Allende has a statue right beside the government house. There is a reason for it. People appreciate his sacrifice.

Originally posted by drgonzaga drgonzaga wrote:

 
Please be advised that when it comes to Chile you can not pull the wool over my eyes and perhaps it is time to inquire why have you been so strangely silent over the disbursal of KGB funds to the Allende candidacy throughout that year--beginning with $400,000 and even including a personal $50,000 to good old Sal--the book to read:
 
Vasili Mitrokhin and Christopher Andrew. The World Was Going Our Way: The KGB and the Battle for the Third World. New York: Basic Books, 1999.
 
Yuri Andropov's KGB was very efficient in the recording of their "extraordinary" expenditures.


So what. We know the U.S. financed the Christian Democrat party.
That's not something we really care. We care when money flew to kill our people.
 
Originally posted by drgonzaga drgonzaga wrote:

 
By the way, you should take cognizance that between 1960 and 1962 I had the personal friendship of Eduardo Frei Montalva who was a regular visitor to my uncle's residence in New York City while he lectured at Columbia University--I was even a young guest at his seminars!


Interesting. You should know that former President Frei Montalva was killed by the gorilla as well. I bet you are informed about that, though.

Frei also has a statue close to the Presidential house. Both presidents were killed by that gorilla.




Posted By: pinguin
Date Posted: 29 Jan 2011 at 10:48
Originally posted by hugoestr hugoestr wrote:

Wow, all this music that I like is now being painted as anti-gringo music, when some isn't even that.

Stormfront couldn't have done a better job.


Well, the song that you love above can have many readings. Not only anti-gringo but better anti-war, anti-violence and anti-militarism.

Something like Pink Floyd's Welcome to the Machine




Posted By: drgonzaga
Date Posted: 29 Jan 2011 at 11:27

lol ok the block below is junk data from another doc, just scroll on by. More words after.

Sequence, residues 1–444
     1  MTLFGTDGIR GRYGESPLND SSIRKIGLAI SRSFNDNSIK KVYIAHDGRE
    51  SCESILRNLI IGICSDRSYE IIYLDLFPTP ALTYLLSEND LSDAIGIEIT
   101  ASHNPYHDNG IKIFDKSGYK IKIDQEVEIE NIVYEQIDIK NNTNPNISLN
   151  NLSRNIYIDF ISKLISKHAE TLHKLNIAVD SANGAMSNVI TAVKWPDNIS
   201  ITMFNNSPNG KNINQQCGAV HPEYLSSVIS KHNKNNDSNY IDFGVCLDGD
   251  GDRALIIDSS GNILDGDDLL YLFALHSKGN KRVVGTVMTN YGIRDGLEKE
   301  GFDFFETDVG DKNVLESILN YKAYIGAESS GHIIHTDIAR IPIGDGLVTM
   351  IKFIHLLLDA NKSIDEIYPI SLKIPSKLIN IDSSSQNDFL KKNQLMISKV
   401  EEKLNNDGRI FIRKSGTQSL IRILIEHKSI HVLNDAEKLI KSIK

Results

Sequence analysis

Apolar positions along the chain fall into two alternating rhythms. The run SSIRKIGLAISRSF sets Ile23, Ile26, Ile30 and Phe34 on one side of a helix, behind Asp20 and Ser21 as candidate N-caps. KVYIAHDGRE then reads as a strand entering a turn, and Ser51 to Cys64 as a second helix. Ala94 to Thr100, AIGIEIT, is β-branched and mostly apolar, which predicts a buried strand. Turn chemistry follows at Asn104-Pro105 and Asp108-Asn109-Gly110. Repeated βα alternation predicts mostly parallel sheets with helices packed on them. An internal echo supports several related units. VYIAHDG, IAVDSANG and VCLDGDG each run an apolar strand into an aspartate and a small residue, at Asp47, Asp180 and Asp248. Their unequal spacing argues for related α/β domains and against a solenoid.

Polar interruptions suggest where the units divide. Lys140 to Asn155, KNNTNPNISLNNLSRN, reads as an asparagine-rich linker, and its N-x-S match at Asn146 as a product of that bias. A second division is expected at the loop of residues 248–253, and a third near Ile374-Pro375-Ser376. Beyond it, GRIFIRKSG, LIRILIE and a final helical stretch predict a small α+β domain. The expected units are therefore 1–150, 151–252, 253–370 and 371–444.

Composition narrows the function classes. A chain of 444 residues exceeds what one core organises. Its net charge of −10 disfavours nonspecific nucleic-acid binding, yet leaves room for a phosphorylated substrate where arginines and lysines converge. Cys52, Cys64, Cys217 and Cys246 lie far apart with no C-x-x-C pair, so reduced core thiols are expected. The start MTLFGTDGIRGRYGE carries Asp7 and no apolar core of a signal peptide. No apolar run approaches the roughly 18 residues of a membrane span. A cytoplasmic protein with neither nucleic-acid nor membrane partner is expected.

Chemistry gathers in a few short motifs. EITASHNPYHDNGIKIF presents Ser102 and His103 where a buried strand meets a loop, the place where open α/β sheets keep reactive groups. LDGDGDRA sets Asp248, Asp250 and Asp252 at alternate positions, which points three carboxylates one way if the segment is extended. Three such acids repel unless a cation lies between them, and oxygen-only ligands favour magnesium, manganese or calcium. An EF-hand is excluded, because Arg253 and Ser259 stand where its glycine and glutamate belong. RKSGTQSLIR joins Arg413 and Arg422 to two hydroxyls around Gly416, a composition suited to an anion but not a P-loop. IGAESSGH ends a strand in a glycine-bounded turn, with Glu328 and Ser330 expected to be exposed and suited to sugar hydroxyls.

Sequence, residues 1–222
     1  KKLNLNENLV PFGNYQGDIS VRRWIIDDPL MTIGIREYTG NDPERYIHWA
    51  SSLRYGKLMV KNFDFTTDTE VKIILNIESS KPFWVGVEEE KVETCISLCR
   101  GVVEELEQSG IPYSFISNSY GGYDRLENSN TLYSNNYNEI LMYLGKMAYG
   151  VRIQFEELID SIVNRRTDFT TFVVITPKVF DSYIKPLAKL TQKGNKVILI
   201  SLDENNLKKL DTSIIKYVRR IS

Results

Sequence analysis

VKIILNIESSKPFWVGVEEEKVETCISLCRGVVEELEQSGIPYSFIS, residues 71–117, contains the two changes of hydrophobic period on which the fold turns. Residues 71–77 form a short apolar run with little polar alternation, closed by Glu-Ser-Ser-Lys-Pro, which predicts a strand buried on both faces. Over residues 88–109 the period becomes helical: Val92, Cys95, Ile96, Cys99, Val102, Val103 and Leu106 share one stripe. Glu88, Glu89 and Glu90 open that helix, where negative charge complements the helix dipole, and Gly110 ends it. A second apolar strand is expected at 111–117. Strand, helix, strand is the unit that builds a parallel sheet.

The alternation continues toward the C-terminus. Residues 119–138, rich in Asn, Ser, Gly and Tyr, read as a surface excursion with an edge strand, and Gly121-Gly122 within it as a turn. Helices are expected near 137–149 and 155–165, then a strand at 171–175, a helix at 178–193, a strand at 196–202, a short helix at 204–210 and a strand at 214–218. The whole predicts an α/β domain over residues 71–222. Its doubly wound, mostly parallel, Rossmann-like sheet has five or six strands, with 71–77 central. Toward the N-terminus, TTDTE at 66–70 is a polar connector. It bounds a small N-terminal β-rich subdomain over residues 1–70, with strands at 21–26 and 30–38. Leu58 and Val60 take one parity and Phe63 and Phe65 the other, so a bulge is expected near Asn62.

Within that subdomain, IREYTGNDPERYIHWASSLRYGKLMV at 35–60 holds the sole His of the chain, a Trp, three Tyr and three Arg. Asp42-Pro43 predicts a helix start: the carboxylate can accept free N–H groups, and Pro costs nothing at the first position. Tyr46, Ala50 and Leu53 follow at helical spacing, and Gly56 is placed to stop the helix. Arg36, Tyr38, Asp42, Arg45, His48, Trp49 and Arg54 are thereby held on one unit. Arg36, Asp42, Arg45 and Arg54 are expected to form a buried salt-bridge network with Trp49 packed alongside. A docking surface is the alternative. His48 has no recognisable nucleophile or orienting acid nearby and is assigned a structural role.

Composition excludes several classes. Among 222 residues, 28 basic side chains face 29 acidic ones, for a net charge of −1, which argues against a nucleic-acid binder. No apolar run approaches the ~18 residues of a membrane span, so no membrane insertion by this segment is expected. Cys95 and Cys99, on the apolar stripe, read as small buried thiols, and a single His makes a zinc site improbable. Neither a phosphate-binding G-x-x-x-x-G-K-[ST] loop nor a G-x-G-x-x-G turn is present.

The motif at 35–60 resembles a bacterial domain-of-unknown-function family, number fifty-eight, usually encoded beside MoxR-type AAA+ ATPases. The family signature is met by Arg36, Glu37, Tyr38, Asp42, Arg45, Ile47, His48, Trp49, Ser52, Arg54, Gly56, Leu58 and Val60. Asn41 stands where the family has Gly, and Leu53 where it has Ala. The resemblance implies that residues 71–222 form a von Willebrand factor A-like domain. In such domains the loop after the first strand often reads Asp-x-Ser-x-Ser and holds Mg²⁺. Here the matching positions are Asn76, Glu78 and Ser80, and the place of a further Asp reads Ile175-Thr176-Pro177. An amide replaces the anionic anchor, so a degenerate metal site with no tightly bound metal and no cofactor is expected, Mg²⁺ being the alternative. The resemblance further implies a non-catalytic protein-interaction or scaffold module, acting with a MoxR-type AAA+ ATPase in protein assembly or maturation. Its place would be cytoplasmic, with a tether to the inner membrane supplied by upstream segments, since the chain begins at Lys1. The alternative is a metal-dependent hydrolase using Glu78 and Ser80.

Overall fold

You fight phantoms, Penguin, Pinochet is dead as well and if you keep up that type of rant it would probably serve as good evidence that a future Pinochet or Allende will appear on the horizon. You can mythologize the immediate past all you want but be aware that a facts-check meter is ticking. You very well know that Judge Madrid was removed from the "Frei Murder case" case and that the purported "poisoner", Berrios, had been safely dead since 1995. We will not bring up the fact that this scenario played out in the background of pending Chilean elections in December of 2009. Nor shall we muse about Madrid's involvement in the Berrios case as well--
 
http://ipsnews.net/news.asp?idnews=52812 - http://ipsnews.net/news.asp?idnews=52812
 
Keep me informed as to the whens and ifs...now that Alejandro Madrid is out of the picture. Anyway, Sebastian Pinera Echenique won the run-off so obviously the majority of Chileans have moved on and this time no national Congress "picking" between politicians with pluralities. Perhaps it is also time for you to move and stop fighting with ghosts.
 
 


-------------
Honi soit qui mal y pense


Posted By: drgonzaga
Date Posted: 29 Jan 2011 at 11:33
As for your musical tastes, P old boy, when are you going to dredge up Where Have all the Flowers Gone (Koloda Duda)...teary socialists love Pete Seeger's derivative ditty from the Old Ukrainian!
 
 
http://www.bing.com/videos/watch/video/marlene-dietrich-where-have-all-the-flowers-gone/775791fd5633f16d822b775791fd5633f16d822b-416067093706?q=where+have+all+the+flowers+gone&FORM=VIRE7 - http://www.bing.com/videos/watch/video/marlene-dietrich-where-have-all-the-flowers-gone/775791fd5633f16d822b775791fd5633f16d822b-416067093706?q=where+have+all+the+flowers+gone&FORM=VIRE7


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Honi soit qui mal y pense


Posted By: pinguin
Date Posted: 29 Jan 2011 at 11:36
Yes, Pinochet died, and Nixon was unmasked as a thug. Let's celebrate.









Posted By: pinguin
Date Posted: 29 Jan 2011 at 11:41
Originally posted by drgonzaga drgonzaga wrote:

Keep me informed as to the whens and ifs...now that Alejandro Madrid is out of the picture. Anyway, Sebastian Pinera Echenique won the run-off so obviously the majority of Chileans have moved on and this time no national Congress "picking" between politicians with pluralities. Perhaps it is also time for you to move and stop fighting with ghosts.
 


Pinera is anti-fascist, my dear friend. I voted for him. The processes against the criminals have not stopped.


Posted By: lirelou
Date Posted: 29 Jan 2011 at 14:24
Pinguino mio, in re: "Nobody denied that the Chilean gorillas carried the coup. The U.S. was just an ally of them. What I wonder is how the U.S. could encourage such thugs."